This Korean barbecue restaurant has a luxe specialty: Wagyu beef that’s flown in from Japan. Diners are assigned a personal server who provides one-on-one service for the duration of your meal. The menu begins with shareable dishes like galbi mandoo (kimchi dumplings wrapped in Wagyu short rib) and soft tofu (made fresh in-house daily). The tabletop barbecue is the main event, though: It begins with your server placing a cube of Wagyu fat, rosemary and garlic in the cast-iron pan before searing your choice of more than 30 different cuts (including rib eye, tenderloin and marinated short rib).
10 E. 33rd St.; hyun-nyc.com
Take us to church, or rather, this impressive new dining destination inside the new Moxy East Village hotel. The interior alone is worth a visit, with soaring triple-height ceilings and an ethereal 19-foot wire mesh sculpture. The menu, meanwhile, takes inspiration from Southern France with traces of Italy, Spain and Greece as seen in tomato Provençal, burrata with a chickpea pancake and bouillabaisse “Tetou” for the table.
112 E. 11th St.; moxy-hotels.marriott.com
19. The Elgin
Named after the Elgin Botanic Garden, said to be the first public botanical garden in the U.S. which once sat in the same spot, this bilevel midtown gastropub is a strong contender for your next after-work drinks spot. Nosh on elevated bar fare (like wings, crab and artichoke dip, and a French onion soup burger) alongside creative cocktails like the Beet Knick (Scotch, beet, ginger and lemon) and Riina’s Cure-All (make sure to ask your bartender for the story behind this one).
64 W. 48th St.; elginnyc.com
20. JaJaja West Village
The popular plant-based Mexican eatery has opened a West Side outpost of the LES original. The new location features new menu items, Mexican beers, tequila and mezcal—it’s also triple the size and takes reservations. Indulge in Mexican grain bowls, Barbacoa tacos, avo sopa (avocado soup) and fresh squeezed juice cocktails made from ingredients like celery and snap peas. The WV location also boasts a private patio and a takeout window connected directly to the kitchen.
63 Carmine St.; jajajamexicana.com
21. Canal Street Oysters
This isn’t your typical out-of-reach (read: expensive) oyster bar: Canal Street Oysters is all about oysters for the people. Enjoy an extensive oyster selection along with other raw bar items like scallops, whelks and Jonah crab. Chef Charlene Santiago (the John Dory Oyster Bar, Reynard) turns out a fish-forward assortment of fresh and cooked dishes such as Spanish mackerel tartare, cod bahn mi and bacalao fish sticks. The cheery interior is all nautical charm, and the mission is sustainable—the restaurant works with the Billion Oyster Project, which works to restore the New York Harbor.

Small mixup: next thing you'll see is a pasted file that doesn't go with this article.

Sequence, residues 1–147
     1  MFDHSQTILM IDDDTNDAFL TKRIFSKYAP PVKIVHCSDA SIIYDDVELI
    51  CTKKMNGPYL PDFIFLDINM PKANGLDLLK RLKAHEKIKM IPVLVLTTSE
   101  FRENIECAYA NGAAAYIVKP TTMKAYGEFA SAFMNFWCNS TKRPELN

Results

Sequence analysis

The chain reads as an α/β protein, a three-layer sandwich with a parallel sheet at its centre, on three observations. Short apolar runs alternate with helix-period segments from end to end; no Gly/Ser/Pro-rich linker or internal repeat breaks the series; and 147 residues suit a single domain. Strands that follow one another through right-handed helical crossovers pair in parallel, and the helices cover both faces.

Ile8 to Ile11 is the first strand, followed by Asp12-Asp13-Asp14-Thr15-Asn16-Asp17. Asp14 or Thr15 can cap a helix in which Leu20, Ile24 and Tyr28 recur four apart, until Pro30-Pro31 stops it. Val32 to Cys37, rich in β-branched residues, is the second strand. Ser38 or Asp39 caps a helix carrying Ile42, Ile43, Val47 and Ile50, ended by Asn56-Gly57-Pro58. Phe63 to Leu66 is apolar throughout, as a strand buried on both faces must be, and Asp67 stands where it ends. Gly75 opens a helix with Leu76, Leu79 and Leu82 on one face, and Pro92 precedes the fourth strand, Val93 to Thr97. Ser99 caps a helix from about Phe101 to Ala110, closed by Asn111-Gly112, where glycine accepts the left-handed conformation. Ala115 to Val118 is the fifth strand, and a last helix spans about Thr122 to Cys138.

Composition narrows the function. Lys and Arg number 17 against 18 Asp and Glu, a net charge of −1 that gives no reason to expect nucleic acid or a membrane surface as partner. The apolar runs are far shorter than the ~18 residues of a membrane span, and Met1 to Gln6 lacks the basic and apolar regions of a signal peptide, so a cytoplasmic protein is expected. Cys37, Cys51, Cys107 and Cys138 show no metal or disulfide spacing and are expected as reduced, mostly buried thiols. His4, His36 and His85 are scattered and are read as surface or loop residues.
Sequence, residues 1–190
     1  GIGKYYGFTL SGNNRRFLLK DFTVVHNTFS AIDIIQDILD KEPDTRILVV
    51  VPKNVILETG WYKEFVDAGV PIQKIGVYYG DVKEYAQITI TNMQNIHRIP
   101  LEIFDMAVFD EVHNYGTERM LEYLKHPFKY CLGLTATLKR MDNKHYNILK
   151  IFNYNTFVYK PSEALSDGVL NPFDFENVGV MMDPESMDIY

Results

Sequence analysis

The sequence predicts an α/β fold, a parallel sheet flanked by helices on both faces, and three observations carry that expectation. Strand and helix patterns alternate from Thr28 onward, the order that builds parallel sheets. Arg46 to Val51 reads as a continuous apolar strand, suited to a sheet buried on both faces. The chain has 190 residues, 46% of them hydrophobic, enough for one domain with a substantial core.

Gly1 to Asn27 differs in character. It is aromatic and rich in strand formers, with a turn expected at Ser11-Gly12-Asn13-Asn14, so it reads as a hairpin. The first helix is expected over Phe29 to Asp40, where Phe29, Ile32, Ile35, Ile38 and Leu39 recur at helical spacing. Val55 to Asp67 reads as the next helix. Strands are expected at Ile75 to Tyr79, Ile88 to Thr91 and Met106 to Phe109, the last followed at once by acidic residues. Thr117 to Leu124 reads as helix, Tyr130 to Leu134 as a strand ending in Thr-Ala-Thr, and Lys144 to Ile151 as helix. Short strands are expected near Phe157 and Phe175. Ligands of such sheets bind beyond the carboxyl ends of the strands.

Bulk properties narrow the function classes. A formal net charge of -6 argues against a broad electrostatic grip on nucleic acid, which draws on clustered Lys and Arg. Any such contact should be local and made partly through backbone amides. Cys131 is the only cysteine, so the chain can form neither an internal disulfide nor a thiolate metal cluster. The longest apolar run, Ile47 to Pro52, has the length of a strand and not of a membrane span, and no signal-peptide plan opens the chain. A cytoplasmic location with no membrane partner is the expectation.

380 Canal St.; canalstreetoysters.com
22. The Riddler
Cali restaurateur Jen Pelka brings her San Francisco–based champagne bar to the West Village. Part neighborhood hangout, part wine lover’s dream, the Riddler serves more than a hundred champagnes by the bottle along with a selection of sparkling and non-sparkling wines and just one beer: Miller High Life. (Get it? The Champagne of Beers.) The food menu plays on high-low champagne and food pairings, with dishes like caviar with Lay’s potato chips and the signature tater tot waffles. As with the San Francisco location, the NYC location is 100% funded by women.
51 Bank St.; theriddlerbar.com
23. Ciao, Gloria
Renato Poliafito, a cofounder of Red Hook’s beloved treat shop Baked, takes inspiration from his Sicilian heritage and international coffee culture for this new Prospect Heights bakery. No surprise, the sweets are top-notch, with options like pumpkin-cinnamon buns with cream cheese mascarpone frosting, oatmeal cream pie and all manner of cakes. On the savory side, there’s both a BEC and PEC (prosciutto, egg and cheese) on a house-made brioche bun, and an homage to the classic Italian hero, along with toasts, fresh baked focaccia and hearty salads. The sunny space features blonde maple paneling, ocean-blue tabletops and a tile wall inspired by Sicily’s famous 142-step Staircase of Santa Maria del Monte.
550 Vanderbilt Ave., Brooklyn; ciaogloria.com
The Upper West Side gets a chic new hangout in the form of this modern American restaurant from the owners of nearby hot spot Tessa. (Psst: That’s “asset” backwards.) The menu features dishes like lamb and Manchego empanadas, lemon arancini, homemade pastas, steak frites with black garlic aioli, and sea scallops with whipped celery root and saffron.
329 Columbus Ave.; assetrestaurant.com
New York is chock-full of bubble tea spots, but this might be the first time we’ve ever seen boozy bubble tea. This London import serves bubble waffles filled with gelato and toppings, signature tea flavors like matcha and rose milk, and yes, adult versions of the drink, like the Majestic Butterfly (jasmine tea with butterfly pea, gin and tonic, and lychee boba).
120 1/2 First Ave.; bubbleologyusa.com
Executive chef Roberto Deiaco expands his Northern Italian operation to the Upper East Side (the first location is in Greenwich Village). Feast on fresh pastas like ravioli filled with creamy ricotta and quail egg yolk, the signature Avena Lasagnetta (individually made lasagna with veal ragù on a parmigiano fondue) and carnivorous dishes like Colorado lamb loin with Castelvetrano olive crust.
22 E. 66th St.; avenadowntown.com